13 Beats: Fall Semester

13 Beats: Fall Semester

Tate Fonda, Arts & Features Editor

The fall semester has begun, and as the leaves begin to change, your playlist might too. On this week’s playlist, let’s think about the sounds of the crimson season, marked by soft acoustic melodies and deep comfortable voices spanning decades. In this list, I propose 13 songs to get you thinking about cozy sweaters, maple-scented leaves and backpacks full of textbooks. 

1. “Witches” by Alice Phoebe Lou

“I’m one of those witches, babe!” sings Lou, on an electric single, with a cover that depicts a photo of a young girl with a witch hat and a broomstick. With this hit, which headlines Lou’s discography with over 15 million streams, she’s looking to rebel. “Don’t try to save me; I don’t want to be saved,” asks Lou, as she claims the title of “witch.” The synth-rich single buzzes with magical intonations as Lou, an up-and-coming South African songwriter, offers a new addition to the small library of outwardly Halloween-themed music. 

RIYL: Jordana, Arlo Parks

2. “Angeles” by Elliot Smith

This dramatic addition to Smith’s 1997 “Either/Or” album details his account of moving from a small town to a big city. Thematic of a risky new beginning, Smith represents all listeners in “Angeles,” as he communicates the difficulty of major life changes, particularly, moving to a new place. His quiet guitar picking loops as if they’re thoughts racing through his head; Smith’s characteristically soft voice whines, “all your secret wishes could right now be coming true.”

RIYL: The Smashing Pumpkins, Nirvana

3. “Easy Tiger” by Flyte

“Use a stranger to get back at me,” sings lead vocalist, Will Taylor, who contributes his voice and his guitar to the London-based band, Flyte. “Easy Tiger” is all about the painful recovery that follows dramatic breakups. Following the imagined separation developed in the song, the melancholic guitar melodies back honest lyrics that foresee how the lead singer’s imagined ex will hurt his feelings. “Find your new man a matching outfit; post a picture so I know,” sings Taylor, who admits the imagined past relationship has caused him deep, jealous pain.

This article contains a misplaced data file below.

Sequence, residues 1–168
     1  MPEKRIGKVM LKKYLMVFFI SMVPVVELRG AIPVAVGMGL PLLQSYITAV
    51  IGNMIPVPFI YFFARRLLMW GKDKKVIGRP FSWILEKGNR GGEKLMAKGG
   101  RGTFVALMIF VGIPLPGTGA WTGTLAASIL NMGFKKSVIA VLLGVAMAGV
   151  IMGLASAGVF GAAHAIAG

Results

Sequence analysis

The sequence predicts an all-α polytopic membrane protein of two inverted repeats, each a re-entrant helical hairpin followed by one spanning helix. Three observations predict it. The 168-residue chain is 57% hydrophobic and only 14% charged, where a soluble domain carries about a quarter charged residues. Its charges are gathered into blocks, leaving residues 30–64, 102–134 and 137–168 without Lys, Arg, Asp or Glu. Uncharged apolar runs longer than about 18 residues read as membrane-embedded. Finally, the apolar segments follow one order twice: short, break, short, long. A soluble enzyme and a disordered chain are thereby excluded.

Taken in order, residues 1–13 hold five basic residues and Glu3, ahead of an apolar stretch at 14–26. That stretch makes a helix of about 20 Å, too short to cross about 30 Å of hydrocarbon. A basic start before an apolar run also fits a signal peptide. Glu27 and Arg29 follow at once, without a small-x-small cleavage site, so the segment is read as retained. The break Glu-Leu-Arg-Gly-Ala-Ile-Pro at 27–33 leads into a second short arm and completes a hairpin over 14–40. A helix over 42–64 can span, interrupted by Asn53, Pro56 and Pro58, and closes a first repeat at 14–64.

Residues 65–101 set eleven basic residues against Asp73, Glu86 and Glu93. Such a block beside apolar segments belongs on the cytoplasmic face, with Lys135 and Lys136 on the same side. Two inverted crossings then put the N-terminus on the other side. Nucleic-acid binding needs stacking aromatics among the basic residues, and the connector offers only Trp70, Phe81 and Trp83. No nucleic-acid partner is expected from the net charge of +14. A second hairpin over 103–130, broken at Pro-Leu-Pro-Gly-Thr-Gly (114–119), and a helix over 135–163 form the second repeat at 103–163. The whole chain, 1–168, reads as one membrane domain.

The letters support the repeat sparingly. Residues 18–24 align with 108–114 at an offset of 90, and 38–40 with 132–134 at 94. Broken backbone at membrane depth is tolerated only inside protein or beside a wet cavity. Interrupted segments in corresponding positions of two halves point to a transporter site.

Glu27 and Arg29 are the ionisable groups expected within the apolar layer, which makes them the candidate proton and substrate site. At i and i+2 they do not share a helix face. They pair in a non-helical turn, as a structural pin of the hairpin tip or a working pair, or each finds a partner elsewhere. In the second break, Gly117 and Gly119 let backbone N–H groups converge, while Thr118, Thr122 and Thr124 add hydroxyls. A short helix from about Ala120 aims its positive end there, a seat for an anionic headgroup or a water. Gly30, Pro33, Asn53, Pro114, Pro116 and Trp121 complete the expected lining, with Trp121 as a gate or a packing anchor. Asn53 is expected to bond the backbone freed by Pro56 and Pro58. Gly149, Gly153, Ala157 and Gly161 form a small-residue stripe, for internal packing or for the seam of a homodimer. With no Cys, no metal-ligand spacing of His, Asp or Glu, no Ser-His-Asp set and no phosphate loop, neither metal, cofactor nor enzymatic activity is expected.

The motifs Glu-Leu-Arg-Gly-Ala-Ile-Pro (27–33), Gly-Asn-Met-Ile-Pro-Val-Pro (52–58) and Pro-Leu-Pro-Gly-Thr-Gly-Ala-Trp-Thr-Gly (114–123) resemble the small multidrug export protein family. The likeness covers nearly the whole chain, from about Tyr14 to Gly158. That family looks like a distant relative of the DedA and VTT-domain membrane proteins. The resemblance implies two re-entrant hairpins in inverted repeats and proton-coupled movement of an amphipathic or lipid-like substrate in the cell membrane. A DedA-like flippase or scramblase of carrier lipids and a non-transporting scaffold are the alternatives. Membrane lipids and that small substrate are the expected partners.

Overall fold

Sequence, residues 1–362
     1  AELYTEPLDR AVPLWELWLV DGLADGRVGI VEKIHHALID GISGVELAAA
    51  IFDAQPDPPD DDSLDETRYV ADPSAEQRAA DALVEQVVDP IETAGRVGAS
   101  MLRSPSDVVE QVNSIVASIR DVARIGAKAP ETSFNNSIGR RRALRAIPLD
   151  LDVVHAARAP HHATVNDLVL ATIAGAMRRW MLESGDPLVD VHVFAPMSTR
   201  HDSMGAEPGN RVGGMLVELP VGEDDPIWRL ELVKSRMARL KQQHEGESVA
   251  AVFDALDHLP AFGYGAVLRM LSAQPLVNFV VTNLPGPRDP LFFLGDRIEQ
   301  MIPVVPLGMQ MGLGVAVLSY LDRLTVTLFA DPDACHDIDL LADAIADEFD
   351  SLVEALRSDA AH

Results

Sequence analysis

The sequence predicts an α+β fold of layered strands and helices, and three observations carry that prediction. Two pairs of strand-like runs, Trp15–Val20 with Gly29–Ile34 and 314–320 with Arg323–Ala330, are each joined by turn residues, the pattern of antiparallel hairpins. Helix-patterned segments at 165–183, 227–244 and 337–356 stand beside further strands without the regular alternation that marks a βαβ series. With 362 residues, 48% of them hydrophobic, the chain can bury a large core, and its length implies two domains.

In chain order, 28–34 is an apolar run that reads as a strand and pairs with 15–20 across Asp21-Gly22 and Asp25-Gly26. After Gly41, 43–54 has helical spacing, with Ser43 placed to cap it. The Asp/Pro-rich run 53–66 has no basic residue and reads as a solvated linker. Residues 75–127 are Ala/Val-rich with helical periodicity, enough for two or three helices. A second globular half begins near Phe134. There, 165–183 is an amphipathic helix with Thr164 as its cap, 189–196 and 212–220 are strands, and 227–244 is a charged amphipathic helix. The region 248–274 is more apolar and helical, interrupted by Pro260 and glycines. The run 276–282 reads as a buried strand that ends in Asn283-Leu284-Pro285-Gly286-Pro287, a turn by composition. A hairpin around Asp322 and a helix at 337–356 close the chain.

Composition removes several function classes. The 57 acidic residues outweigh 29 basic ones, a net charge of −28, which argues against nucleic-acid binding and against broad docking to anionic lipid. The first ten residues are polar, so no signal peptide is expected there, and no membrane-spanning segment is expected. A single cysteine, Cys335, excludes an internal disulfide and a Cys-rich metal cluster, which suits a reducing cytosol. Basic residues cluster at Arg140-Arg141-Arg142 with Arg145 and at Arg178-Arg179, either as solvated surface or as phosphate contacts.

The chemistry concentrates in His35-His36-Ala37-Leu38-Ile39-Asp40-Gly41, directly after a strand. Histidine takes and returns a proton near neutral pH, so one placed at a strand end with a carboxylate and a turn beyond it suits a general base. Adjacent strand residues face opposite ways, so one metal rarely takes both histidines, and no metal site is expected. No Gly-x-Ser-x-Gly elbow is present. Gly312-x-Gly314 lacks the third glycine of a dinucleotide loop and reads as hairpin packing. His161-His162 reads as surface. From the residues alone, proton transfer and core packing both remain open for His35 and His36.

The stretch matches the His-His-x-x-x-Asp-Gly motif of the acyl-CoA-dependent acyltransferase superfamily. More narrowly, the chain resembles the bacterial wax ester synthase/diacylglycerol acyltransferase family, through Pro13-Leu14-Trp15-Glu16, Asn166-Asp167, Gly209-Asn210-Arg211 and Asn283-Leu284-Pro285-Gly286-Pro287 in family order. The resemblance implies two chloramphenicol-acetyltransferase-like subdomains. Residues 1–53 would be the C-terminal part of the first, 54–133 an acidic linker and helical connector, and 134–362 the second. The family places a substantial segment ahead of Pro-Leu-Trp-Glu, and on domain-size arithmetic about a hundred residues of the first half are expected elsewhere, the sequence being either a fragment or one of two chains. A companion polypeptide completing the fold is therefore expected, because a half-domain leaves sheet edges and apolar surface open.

RIYL: Sufjan Stevens, Wilco

4. “No Reason” by Big Thief

Big Thief, a four-person indie group based in Brooklyn, is characterized by their intricate, poetic lyrics. In this track, carried by the scales of a fleeting flute, lead singer Adrianne Lenker recalls her isolation experience during the COVID-19 pandemic. “[I’ve] been pulling through since the last time I touched you,” sings Lenker, who uses this track to reflect on the passage of time. In a particularly sentimental lyric, Lenker’s poeticism strikes: “Like a feeling, like a flash, like a fallen eyelash… on your sweater, threading future through the past.”

RIYL: Hozier, Faye Webster

5. “The Boxer” by Simon & Garfunkel

In “The Boxer,” this folk-rock duo composed of Paul Simon and Art Garfunkel’s  characteristic timid voices and folk melodies are no different than other hits such as “The Sound of Silence,” or “Scarborough Fair / Canticle.” The story told within, however, has a particular appeal to young students pursuing ambitious futures. In “The Boxer,” the duo tells the story of a poor boy who abandons his past to pursue a fruitful future. This boy pursues the profession of fighting, which he has metaphorically been involved in for the course of his challenging life. The song climaxes as a bass harmonica chimes, and the lead sings, “he [the boxer] carries the reminders of every glove that laid him down or cut him.” The Boxer thus progresses into the future with a sensitive memory of the difficulty he has encountered throughout his life. 

RIYL: Jim Croce, Don McLean

6. “I Melt With You” by Modern English